In 2013, members of the North American Securities Administration Association (NASAA) performed coordinated state exams in which examiners uncovered the top registered investment adviser (RIA) compliance deficiencies across 20 categories in 44 jurisdictions. 1,130 examinations were reported and 6,482 deficiencies were exposed throughout all of the categories. In addition to the top compliance deficiencies we discussed in our earlier blog series, the 2013 NASAA investment adviser examination report also found a number of other types of deficiencies. Last week, we discussed solicitor deficiencies related to firms acting as solicitors.
In this week’s segment, we’ll be discussing deficiencies as it relates to RIA firms paying third party solicitors. Commonly, RIA firms use a third party solicitor in order to attract clients, but this method should be practiced with caution. When paying a solicitor, firms must remain in compliance with both the SEC and state regulations. In 2013, the NASAA report found that 25.0% of all advisers who paid solicitors for referrals had at least one deficiency. This is a significant increase from the 2011 report which noted 14.3% of advisers who used or acted as solicitors had solicitor-related deficiencies.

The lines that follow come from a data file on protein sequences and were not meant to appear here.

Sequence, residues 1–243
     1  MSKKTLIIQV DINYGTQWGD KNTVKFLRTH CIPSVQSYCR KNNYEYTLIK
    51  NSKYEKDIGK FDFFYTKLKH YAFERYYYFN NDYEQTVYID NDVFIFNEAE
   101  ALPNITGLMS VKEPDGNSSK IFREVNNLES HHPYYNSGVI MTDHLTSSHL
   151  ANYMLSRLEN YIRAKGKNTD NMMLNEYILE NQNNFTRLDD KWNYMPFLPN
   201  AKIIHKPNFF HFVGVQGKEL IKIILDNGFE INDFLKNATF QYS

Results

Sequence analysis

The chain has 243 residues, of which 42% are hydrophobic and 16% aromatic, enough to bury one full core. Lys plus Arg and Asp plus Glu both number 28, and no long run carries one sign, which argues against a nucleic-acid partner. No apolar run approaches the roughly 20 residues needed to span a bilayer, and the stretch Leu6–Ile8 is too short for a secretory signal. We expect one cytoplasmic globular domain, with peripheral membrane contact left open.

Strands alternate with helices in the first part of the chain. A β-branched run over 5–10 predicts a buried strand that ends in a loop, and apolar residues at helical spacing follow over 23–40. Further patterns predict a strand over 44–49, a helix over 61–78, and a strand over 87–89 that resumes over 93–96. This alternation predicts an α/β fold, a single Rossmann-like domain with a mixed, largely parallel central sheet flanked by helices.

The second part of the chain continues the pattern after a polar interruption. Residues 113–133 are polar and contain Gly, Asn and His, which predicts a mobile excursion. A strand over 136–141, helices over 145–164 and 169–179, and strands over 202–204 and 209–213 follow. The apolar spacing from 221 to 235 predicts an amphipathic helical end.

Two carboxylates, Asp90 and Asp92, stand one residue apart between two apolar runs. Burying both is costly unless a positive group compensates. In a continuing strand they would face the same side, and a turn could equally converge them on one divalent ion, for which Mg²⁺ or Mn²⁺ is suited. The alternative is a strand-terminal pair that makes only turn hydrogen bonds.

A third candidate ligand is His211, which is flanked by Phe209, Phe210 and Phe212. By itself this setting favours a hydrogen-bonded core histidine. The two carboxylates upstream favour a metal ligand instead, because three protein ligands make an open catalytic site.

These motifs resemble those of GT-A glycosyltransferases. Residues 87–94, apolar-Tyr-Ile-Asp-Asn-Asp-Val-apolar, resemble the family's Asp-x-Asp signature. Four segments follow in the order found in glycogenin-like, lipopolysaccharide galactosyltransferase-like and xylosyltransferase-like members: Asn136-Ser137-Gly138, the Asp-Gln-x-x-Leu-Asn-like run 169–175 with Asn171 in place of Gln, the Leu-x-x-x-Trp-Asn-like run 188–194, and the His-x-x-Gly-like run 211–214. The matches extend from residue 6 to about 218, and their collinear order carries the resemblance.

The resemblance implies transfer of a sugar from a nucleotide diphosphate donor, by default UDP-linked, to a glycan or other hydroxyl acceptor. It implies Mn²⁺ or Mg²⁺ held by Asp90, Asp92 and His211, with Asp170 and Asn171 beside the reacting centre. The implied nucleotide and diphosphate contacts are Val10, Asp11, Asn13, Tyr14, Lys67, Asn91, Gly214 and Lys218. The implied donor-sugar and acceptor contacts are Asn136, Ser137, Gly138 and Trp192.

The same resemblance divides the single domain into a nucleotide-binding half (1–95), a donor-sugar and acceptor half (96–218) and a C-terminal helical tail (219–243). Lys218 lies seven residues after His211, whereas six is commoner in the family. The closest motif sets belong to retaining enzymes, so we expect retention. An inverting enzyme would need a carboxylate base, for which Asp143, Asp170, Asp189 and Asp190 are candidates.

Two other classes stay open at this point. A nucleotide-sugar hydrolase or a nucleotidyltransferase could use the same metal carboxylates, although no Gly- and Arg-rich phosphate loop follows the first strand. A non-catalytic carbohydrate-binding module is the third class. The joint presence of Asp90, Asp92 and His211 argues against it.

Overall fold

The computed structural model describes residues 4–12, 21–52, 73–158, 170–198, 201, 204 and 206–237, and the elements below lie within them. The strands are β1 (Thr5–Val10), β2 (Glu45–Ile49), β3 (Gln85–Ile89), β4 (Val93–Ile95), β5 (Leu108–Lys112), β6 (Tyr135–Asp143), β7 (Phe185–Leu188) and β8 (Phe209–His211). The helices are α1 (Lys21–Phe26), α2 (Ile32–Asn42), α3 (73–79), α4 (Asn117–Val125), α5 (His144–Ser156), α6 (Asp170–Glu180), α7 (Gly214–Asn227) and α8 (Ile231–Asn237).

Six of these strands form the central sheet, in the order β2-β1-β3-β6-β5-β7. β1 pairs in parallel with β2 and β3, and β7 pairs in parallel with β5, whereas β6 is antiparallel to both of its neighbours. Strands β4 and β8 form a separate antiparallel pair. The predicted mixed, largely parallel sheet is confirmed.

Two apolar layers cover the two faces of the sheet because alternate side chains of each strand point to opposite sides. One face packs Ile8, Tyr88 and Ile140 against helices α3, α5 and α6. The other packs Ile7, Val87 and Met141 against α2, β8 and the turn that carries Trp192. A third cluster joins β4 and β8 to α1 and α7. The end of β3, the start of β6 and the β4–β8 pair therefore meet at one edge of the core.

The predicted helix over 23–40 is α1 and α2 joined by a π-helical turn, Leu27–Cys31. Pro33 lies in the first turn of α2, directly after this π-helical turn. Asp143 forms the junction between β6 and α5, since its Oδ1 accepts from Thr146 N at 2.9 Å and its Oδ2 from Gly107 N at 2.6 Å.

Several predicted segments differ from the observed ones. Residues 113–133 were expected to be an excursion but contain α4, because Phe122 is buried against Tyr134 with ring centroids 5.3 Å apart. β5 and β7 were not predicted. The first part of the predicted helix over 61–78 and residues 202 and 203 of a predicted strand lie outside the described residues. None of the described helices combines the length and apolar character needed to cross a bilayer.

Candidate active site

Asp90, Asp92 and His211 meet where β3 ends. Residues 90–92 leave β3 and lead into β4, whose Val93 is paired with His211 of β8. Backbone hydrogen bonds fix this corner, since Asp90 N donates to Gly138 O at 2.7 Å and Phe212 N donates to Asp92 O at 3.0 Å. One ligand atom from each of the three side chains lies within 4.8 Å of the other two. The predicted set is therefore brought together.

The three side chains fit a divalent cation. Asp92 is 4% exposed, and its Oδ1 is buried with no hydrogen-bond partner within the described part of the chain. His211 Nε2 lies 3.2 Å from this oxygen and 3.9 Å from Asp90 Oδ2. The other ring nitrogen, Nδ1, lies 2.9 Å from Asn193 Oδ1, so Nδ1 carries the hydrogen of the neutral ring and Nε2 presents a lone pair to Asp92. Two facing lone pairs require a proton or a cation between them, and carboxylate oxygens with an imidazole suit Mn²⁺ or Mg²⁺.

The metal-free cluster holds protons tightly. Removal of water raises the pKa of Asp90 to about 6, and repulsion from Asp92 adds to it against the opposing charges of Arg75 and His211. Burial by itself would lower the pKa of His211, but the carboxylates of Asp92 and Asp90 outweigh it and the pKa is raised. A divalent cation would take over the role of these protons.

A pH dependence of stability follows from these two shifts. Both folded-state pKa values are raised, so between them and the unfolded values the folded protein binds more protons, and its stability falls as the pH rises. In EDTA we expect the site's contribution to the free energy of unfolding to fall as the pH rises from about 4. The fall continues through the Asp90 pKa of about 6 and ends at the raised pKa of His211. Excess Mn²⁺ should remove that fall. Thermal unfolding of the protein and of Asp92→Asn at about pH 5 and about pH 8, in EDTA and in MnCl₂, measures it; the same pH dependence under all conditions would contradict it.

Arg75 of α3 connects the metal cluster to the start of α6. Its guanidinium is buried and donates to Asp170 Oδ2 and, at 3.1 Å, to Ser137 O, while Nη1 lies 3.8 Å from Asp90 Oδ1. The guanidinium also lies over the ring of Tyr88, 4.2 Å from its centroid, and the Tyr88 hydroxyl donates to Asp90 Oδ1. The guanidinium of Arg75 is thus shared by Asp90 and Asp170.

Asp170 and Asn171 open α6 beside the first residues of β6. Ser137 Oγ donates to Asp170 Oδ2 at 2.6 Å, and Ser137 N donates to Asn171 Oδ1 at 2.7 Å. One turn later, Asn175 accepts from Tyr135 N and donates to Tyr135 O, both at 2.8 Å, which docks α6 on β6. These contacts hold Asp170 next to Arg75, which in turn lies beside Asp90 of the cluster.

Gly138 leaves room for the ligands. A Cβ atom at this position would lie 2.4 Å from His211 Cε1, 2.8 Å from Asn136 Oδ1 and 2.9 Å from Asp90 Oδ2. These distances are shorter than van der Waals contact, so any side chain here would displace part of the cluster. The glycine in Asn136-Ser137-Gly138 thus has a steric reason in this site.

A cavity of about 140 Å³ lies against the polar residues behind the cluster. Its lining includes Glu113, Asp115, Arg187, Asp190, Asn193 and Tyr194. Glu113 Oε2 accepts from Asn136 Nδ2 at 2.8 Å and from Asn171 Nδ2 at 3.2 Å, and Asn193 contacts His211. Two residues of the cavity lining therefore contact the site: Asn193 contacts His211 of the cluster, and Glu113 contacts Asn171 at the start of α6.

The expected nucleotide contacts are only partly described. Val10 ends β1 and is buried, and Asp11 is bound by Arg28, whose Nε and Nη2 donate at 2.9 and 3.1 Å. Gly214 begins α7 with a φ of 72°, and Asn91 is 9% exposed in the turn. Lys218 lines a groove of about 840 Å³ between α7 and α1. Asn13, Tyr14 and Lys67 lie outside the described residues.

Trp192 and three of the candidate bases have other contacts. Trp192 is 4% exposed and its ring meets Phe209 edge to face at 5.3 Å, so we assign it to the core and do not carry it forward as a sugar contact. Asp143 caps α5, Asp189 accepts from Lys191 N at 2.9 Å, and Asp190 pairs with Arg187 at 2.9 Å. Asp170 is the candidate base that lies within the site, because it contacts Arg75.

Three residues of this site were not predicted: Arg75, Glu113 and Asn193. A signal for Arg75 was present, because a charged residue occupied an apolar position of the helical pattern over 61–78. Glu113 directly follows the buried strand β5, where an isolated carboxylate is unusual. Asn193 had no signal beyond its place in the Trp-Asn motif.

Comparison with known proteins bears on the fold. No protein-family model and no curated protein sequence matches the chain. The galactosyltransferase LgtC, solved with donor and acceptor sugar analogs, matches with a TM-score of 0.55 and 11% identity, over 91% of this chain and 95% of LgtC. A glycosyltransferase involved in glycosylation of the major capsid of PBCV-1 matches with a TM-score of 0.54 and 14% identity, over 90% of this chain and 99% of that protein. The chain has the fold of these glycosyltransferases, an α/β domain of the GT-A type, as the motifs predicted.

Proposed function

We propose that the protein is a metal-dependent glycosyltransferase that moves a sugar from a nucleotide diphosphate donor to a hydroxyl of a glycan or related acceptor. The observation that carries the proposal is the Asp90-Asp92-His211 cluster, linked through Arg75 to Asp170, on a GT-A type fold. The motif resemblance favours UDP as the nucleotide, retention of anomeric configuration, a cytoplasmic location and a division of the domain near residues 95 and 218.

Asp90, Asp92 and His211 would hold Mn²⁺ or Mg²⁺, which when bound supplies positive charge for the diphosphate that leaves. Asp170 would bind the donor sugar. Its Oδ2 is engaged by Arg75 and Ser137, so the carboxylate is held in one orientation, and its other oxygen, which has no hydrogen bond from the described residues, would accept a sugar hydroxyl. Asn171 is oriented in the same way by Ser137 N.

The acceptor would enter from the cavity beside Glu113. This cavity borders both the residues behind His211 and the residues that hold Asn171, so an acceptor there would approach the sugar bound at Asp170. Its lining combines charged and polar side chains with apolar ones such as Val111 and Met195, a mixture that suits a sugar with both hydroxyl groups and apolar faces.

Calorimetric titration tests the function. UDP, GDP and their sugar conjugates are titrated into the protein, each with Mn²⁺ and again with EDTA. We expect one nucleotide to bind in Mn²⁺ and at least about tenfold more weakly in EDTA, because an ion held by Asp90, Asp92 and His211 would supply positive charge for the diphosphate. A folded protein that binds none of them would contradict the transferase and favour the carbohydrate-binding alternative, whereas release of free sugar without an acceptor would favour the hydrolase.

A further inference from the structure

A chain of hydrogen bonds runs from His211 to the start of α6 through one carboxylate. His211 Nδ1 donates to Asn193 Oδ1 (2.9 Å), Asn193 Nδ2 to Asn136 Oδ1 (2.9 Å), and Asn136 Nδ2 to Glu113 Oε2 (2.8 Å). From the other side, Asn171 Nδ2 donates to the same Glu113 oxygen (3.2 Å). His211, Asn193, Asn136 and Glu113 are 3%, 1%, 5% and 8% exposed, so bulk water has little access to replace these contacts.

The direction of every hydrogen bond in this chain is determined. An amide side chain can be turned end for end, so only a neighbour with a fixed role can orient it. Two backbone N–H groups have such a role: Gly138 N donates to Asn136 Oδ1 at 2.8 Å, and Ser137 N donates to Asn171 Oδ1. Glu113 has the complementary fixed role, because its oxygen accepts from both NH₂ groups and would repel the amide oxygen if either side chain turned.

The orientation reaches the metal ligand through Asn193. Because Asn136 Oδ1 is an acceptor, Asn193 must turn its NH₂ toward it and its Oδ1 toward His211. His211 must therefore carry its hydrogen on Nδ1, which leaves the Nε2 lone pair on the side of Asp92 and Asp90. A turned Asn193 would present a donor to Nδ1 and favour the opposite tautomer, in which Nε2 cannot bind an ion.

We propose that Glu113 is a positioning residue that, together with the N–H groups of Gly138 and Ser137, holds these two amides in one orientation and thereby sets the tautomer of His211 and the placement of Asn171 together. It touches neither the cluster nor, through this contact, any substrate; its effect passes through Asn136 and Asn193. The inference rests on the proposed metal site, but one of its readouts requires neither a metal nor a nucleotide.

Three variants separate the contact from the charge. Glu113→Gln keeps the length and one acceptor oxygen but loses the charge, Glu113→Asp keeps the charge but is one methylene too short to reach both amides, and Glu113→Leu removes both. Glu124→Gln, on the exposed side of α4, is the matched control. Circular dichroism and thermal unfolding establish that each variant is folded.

The top deficiencies as it relates to paying solicitors in 2013 were:
- Solicitor agreement: No written agreement with each solicitor (17.4%)
- Solicitor not providing the adviser’s ADV Part 2/disclosure brochure to prospects (8.7%)
- Solicitor not providing its solicitor disclosure document to prospects (8.7%)
- Solicitor disclosure document: Terms and description of solicitor’s compensation (8.7%)
- Solicitor disclosure document: No written document (8.7%)
It should also be noted that the 2011 NASAA exam report also drew attention to the large number of regulatory deficiencies discovered during regulatory audits related to RIA firms not properly disclosing all of the firm’s solicitors.
Given the increase in compliance deficiencies related to third-party solicitors, it is evident that RIA firms should be focusing on staying in compliance with all relevant state or SEC regulatory requirements. As RIA compliance consultants, we strongly encourage the Chief Compliance Officer (CCO) of each investment advisory firm using a third-party solicitor to take a few minutes to review the firm’s current procedures to ensure it is fully disclosing this practice to prospective clients, and also has the proper written agreements in place with the relevant solicitor(s).